- Roger Ver has been identified as the $47 million Coinflex defaulter
- Ver took out a huge leveraged position in BCH which reversed, leaving him owing the company
- The Coinflex shareholder denied the allegations but Coinflex confirmed it had a contract with him for such services
Roger Ver has sensationally been outed as the defaulter on the Coinflex platform which has caused the company to try and raise $47 million through an ad-hoc token sale, despite being a shareholder in the company. Rumours began to swirl around the crypto space that Ver was the man who owes the company $47 million, with Ver taking to Twitter to flatly deny the allegations, and in fact claim that Coinflex owes him money. Coinflex CEO Mark Lamb took the extraordinary step yesterday of publicly outing Ver as the Coinflex defaulter, putting Ver in an even more awkward position.
Coinflex Forced to Cover Ver Debt With rvUSD Token
Coinflex announced last week that a mystery user had put them in a very precarious financial position, holding out on a $47 million repayment to top up his margin account. The problem has become so severe that Coinflex this week had to resort to issuing a new token, rvUSD, the sale of which it hoped would plug the gap and allow it to resume the withdrawals it was forced to suspend last week.
Coinflex was very careful to keep Ver’s identity under wraps, calling him only a “high integrity person of significant means”, but it didn’t take long for the guessing game to start:
A verified insider has confirmed that the “high net worth individual” who owes CoinFLEX money is Bitcoin Cash advocate & CoinFLEX shareholder Roger Ver. Ver had a long on BCH, and the platform allowed him to run a deficit because he personally guaranteed he would pay them back. https://t.co/0lyETbH0PD
— FatMan (@FatManTerra) June 28, 2022
Ver clearly got hold of this tweet and didn’t like what he saw, responding in kind:
Recently some rumors have been
spreading that I have defaulted on a
debt to a counter-party. These rumors
are false. Not only do I not have a debt
to this counter-party, but this counter-
party owes me a substantial sum of
money, and I am currently seeking the
return of my funds.
— Roger Ver (@rogerkver) June 28, 2022
Less than an hour after this tweet however, Coinflex CEO Mark Lamb ripped away the facade and let its famous shareholder have it with both barrels:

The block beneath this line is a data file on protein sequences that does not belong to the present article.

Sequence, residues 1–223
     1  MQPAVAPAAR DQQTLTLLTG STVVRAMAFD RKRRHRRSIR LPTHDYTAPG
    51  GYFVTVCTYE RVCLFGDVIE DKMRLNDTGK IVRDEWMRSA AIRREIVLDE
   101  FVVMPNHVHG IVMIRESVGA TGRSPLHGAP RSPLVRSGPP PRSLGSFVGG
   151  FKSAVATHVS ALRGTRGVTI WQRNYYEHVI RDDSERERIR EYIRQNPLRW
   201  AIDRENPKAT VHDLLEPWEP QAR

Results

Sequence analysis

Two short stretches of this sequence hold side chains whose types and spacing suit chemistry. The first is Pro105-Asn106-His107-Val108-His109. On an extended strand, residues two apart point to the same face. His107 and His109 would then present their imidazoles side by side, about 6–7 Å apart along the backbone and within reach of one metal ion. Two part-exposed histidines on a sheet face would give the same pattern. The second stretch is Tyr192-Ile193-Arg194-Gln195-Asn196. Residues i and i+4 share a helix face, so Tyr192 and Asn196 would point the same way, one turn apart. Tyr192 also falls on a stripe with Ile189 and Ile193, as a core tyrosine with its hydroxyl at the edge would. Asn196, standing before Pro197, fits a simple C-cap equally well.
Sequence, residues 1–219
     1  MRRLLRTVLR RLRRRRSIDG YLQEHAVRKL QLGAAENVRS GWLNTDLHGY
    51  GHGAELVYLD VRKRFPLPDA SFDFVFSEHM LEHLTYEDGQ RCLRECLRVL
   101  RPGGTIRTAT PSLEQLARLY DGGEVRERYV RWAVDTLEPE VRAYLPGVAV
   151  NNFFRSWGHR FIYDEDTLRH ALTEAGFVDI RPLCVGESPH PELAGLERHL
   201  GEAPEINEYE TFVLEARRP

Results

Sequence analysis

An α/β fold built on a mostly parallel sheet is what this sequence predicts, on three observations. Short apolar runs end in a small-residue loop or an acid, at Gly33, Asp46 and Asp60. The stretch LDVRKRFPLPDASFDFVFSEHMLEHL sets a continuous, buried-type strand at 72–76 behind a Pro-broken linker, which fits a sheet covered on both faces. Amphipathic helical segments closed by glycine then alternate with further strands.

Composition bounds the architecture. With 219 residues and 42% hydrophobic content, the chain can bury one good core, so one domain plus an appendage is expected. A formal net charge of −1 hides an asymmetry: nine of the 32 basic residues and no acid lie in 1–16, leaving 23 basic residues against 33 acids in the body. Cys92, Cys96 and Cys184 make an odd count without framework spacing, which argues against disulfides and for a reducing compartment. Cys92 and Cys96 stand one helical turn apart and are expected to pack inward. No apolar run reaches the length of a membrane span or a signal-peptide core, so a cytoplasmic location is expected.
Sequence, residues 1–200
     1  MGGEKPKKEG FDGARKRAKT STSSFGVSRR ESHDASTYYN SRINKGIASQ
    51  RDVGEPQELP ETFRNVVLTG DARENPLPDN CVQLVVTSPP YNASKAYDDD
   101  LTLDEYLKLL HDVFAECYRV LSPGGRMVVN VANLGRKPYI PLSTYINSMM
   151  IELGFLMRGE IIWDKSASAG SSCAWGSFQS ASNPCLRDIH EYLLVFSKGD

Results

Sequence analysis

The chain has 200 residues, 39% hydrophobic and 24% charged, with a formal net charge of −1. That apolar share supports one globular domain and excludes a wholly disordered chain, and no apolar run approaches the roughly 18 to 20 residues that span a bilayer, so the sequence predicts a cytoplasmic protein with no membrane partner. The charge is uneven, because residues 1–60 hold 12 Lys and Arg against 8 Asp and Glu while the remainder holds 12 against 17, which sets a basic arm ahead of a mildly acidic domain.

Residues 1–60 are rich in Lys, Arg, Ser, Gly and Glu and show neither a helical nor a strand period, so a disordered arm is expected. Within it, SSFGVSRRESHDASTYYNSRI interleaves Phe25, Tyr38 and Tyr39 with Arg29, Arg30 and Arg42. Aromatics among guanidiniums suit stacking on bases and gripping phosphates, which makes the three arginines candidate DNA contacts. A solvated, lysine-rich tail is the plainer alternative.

Roger Ver owes CoinFLEX $47 Million USDC. We have a written contract with him obligating him to personally guarantee any negative equity on his CoinFLEX account and top up margin regularly. He has been in default of this agreement and we have served a notice of default.
— Mark Lamb 💪 (@MarkDavidLamb) June 28, 2022
Lamb claimed that the company had spoken to Ver on several occasions in order to try and resolve the debt, but that Ver had denied the debt was his. Lamb argued that the debt is “100% related to his account” and that Ver’s argument that Coinflex in fact owes him money is “blatantly false”. Lamb added that it was “unfortunate that Roger Ver needs to resort to such tactics in order to deflect from his liabilities and responsibilities.”
Ver Took Leverage Position in Bitcoin Cash
Ver has yet to respond to this latest tweet, with the matter now hopefully being dealt with privately, but unfortunately for Ver, many the crypto community has taken Coinflex’s side, with some even mocking the way his tweet was presented:
lmfao at copy pasting this in directly from your lawyer without fixing the formatting.
— correction konata (@cryptokonata) June 28, 2022
It seems that the $47 million owed to Coinflex is because of a series of leveraged longs Ver took out on his baby Bitcoin Cash, only to see it plummet enough to take out the 2019 lows:
Assuming Coinflex is correct in saying it has a written contract that Ver is now in breach of, it leaves both in a perilous position. Ver is of course on the hook for $47 million it seems he just doesn’t have, which means that Coinflex is going to have to go down the arduous legal route in order to try and get it back
However, if it can’t raise the $47 million that Ver owes the company, which let’s not forget is a position it got itself into of its own volition, then it might have to fold anyway, potentially letting Ver off the hook and seeing Coinflex sued by its own users if they lose their funds.
Everybody Loses if the Debt Isn’t Funded
The entire situation is now balanced on a knife edge, and whatever the outcome, Ver’s reputation has been forever tarred. The only hope now is that Coinflex can raise the money it needs to ensure that it can honour customers’ withdrawals.
And you can bet your life that they will withdraw, knowing that the risk management of the company extends to lending individuals a nearly $50 million line of credit that, were it not paid back, could ultimately bring the platform to its knees.